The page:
Half of adults in England not visiting an NHS dentist

NHS dentist

Only half of adults in England visit an NHS dentist, new statistics have shown

Almost half (48.3%) of adults in England haven’t seen an NHS dentist in the last two years, figures from NHS Digital show.

The latest NHS Dental Statistics have been released today and they show 22.1 million adult patients were seen by an NHS dentist in the 24 months up to the 30 June 2016, which represents 51.7% of the population.

Scale and polish was the most popular treatment for adults (excluding examinations), with 13 million (45.6% of all treatments) delivered in 2015-16.

‘When half of adults fail to see the dentist, ministers have some very serious questions to answer,’ Henrik Overgaard-Nielsen, chair of General Dental Practice at the BDA, said.

‘This isn’t patient apathy, this is what you get when governments treat oral health as an optional extra.

‘Effective prevention is impossible without regular check-ups, and to date ministers have been unwilling to get that message across.

‘The takings from the patient charge are now nearly £740 million.

‘These charges are designed to lower demand for NHS dentistry, and enable ministers to put less into the service, while our patients pay more.

‘Today we are seeing the results.’

Paediatric dentistry

In the 12 months prior to 30 June 2016, 6.7 million children were seen by an NHS dentist, equating to 57.9% of the child population.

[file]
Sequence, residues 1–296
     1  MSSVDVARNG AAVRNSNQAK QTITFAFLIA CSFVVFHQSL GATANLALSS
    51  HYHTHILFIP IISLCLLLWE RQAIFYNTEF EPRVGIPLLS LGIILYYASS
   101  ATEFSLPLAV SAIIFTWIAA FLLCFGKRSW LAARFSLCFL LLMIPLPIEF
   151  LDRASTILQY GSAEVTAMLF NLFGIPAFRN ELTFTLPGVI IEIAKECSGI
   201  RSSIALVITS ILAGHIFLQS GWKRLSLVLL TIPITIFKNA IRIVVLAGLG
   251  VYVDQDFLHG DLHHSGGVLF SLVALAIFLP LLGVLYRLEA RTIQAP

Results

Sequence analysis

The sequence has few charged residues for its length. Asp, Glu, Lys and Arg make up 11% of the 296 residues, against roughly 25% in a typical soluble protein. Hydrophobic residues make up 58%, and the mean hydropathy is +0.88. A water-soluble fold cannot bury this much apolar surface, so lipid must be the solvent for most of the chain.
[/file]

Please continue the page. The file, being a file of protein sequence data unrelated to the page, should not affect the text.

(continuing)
Fluoride varnish treatment was the most popular treatment amongst children, with 4.1 million courses of treatment delivered in 2015-16, a 20% increase from the previous year.

‘Whilst numbers of children attending (the dentist) are increasing it is actually a fall if looked at as a percentage of population,’ Claire Stevens, spokesperson for the British Society of Paediatric Dentistry, said.

‘The figure is worryingly low because children’s teeth are growing fast and regular visits to a dental practice are essential throughout childhood.’

Henrik Overgaard-Nielsen added: ‘It’s clear we have a problem when more than one in three children are missing out on free dental treatment.

‘We need a concerted effort to get parents, health professionals and government on the same page.’

Pointing to the positive news about an increase in fluoride varnish treatments, Claire continued: ‘The other positive news is that the chief dental officer, Professor Sara Hurley, has announced that she wants to develop Smile4life in England.

‘This will be an accreditation scheme in which local areas are encouraged to develop and commission their own oral health prevention schemes.

‘Paediatric dentists want to work with all arms of the dental profession to deliver a joined up approach and get more children accessing NHS dental care annually.

‘Dental checks should start as soon as the first baby teeth come through and certainly by a child’s first birthday.’

One comment

  1. 1

    Well done Henrik for raising the issues of prevention and government funding. It is shocking that fee paying patients are being duped into funding NHS dentistry which comes as a double blow paying for it once through taxation and secondly at the point of delivery.

    I’m all in favor of prevention but am starting to think that people have lost their minds calling for check ups by the age of 1.

    Why not have a pre-written patient guide for new parents and see parents and child if any issues arise?

    Neel

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